Building Australia’s Poultry Research Capability

AUSTRALIA - Poultry is regarded as the animal protein of the future due to its high efficiency of production and low emissions. Australia, for example, has become one of the highest consumers of poultry meat, with annual consumption increasing from less than 5kg per person in the 1960s to 45kg per person today, writes Poultry CRC CEO, Professor Mingan Choct.
calendar icon 14 February 2014
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According to Professor Choct, the important driver of productivity gain is innovation, which depends on world-class researchers and first class facilities. In Australia, the existence of first-class facilities is usually the result of the sustained effort and leadership of key researchers, highlighting the fact that human capital development is the most important investment for an industry’s future.

The Poultry CRC’s objective is to lay solid foundations for the poultry industry in Australia through funding research and supporting education. Poultry CRC has 23 industry organisations, ten universities and four research institutes as participants. It has a total resource of approximately $98.5 million over 7.5 years, of which 27.4 per cent comes from the government, with the remainder from participants. Of CRC's cash budget, approximately 61 per cent goes to research, 17 per cent is used for education, 15 per cent is used in administration, and seven per cent is put towards utilisation activities.

To date, 23 of 37 participants are active contributors to CRC's research and education effort with the top providers being CSIRO, The University of Melbourne, The University of Adelaide, University of New England, The University of Sydney, Queensland Department of Agriculture, Fisheries and Forestry, The University of Queensland, South Australian Research and Development Institute, Murdoch Children’s Research Institute, Monash University and The Ohio State University. The diverse range of organisations involved in RD&E in poultry is a great indicator, and a safety net, for continued innovation in the Australian poultry industry, writes Professor Choct.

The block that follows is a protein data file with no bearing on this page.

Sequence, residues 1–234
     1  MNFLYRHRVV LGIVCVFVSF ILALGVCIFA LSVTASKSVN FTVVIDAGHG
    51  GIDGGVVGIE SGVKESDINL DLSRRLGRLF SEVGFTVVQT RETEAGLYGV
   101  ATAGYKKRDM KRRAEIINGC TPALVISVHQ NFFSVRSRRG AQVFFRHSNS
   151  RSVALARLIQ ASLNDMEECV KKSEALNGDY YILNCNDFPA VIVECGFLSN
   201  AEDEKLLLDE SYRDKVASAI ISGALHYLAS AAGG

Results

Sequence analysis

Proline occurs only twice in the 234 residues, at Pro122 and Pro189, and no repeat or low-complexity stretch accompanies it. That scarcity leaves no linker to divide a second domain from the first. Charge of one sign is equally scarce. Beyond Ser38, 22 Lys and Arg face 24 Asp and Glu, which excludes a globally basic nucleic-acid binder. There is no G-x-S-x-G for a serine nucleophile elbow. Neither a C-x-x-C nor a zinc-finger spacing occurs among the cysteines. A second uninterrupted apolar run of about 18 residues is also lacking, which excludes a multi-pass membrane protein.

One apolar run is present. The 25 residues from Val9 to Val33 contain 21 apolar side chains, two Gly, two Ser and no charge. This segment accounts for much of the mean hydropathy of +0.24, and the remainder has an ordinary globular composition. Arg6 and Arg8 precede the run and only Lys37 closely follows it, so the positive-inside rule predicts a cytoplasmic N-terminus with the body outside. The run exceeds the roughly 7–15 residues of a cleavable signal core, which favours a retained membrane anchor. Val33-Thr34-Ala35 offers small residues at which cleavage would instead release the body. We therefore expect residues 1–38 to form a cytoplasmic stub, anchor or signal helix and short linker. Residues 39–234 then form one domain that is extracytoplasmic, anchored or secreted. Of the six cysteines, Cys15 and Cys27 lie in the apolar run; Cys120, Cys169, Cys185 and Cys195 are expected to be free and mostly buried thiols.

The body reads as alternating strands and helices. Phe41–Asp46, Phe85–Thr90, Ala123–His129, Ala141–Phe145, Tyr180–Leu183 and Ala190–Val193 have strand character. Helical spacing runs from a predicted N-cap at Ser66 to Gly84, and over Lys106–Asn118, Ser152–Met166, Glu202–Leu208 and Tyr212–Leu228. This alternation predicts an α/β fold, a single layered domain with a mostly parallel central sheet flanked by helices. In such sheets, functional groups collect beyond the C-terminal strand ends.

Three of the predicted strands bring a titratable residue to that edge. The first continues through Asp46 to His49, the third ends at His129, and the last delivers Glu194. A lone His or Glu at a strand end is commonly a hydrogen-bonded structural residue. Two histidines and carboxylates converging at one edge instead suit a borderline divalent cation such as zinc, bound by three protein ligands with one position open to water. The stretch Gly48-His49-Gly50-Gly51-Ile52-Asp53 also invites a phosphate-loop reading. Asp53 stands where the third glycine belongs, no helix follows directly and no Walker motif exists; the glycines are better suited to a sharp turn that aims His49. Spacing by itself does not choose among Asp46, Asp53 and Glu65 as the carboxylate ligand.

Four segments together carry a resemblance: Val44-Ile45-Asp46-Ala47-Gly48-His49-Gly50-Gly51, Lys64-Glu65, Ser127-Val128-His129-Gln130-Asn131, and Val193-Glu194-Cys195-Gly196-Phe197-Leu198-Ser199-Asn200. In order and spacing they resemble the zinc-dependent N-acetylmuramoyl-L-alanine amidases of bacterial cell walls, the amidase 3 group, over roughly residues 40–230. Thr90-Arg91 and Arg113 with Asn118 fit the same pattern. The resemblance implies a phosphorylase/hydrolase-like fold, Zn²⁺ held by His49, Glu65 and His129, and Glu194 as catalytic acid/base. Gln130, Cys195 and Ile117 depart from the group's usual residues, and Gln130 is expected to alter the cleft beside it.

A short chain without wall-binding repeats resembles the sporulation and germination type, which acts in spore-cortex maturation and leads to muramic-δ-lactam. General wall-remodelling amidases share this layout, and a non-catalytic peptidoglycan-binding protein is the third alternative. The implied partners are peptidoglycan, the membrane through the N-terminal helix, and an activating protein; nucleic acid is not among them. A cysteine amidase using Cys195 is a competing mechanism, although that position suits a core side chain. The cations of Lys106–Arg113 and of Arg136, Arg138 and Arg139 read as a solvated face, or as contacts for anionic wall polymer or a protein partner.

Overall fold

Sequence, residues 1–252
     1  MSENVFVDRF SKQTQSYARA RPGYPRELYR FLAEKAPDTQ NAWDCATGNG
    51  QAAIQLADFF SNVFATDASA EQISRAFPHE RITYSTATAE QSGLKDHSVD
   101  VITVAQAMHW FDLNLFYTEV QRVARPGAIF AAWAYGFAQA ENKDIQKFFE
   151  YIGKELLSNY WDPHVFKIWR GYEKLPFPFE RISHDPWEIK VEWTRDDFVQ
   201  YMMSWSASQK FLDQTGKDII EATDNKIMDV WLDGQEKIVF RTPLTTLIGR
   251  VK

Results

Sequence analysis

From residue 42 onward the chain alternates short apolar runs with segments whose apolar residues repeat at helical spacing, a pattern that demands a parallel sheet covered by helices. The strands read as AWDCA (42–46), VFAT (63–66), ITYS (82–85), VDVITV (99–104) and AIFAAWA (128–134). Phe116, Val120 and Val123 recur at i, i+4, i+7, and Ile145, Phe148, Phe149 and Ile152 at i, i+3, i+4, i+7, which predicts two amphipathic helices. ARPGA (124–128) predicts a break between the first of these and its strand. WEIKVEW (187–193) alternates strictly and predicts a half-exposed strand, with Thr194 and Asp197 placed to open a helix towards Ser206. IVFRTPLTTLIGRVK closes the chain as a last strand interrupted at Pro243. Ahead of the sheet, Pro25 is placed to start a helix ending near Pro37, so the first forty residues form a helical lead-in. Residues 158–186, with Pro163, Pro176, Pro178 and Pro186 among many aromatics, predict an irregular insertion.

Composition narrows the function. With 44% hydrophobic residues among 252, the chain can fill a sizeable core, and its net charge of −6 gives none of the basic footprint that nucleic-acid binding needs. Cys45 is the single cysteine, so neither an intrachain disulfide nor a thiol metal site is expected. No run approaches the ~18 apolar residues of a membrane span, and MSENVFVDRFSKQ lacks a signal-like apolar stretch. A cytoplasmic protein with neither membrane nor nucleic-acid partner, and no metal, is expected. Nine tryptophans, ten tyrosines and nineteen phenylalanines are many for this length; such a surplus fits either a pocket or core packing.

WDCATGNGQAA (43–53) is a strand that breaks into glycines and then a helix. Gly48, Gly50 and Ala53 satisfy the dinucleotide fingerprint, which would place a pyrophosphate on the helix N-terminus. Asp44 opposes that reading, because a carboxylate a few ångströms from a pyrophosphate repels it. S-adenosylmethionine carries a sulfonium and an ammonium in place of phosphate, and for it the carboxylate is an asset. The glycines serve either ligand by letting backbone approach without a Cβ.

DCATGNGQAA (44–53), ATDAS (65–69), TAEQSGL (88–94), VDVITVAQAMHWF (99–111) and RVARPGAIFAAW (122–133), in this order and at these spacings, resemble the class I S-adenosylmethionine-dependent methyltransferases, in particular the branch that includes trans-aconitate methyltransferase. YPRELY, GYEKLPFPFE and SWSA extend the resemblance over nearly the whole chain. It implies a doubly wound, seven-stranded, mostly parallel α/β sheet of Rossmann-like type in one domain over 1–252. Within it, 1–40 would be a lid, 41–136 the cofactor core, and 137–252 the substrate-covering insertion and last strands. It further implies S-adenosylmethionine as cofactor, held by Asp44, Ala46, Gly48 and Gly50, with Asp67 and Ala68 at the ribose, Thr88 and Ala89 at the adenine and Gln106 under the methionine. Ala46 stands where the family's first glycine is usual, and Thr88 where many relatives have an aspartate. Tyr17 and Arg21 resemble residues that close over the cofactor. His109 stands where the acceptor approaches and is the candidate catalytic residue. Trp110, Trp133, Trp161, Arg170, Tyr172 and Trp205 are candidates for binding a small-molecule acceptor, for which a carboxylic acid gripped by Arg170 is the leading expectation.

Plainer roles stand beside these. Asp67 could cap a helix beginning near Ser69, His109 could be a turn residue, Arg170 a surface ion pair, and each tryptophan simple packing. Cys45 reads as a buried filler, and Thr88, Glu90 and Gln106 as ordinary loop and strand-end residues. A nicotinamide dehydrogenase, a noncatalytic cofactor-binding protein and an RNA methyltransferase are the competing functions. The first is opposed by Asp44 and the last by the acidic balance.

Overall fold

The Poultry CRC has paid particular attention to education activities over the past ten years. In CRC1, 26 postgraduate students, ten postdoctoral scientists and more than 20 veterinarians and poultry health professionals were supported in completing the Avian Health Online course. Employment for postgraduates has been balanced almost evenly between industry and research/academia.

Poultry CRC's education effort is continuing in CRC2 with 38 students pursuing their postgraduate degrees, seven interns working the industry, and over 200 company employees attaining vocational education certificates. The CRC is currently investigating a new opportunity to help bridge the gap between researchers and industry.

This foundation in human capacity building will leave the future of the Australian poultry industry in good hands and represents a remarkable return on investment for every industry and government dollar spent.

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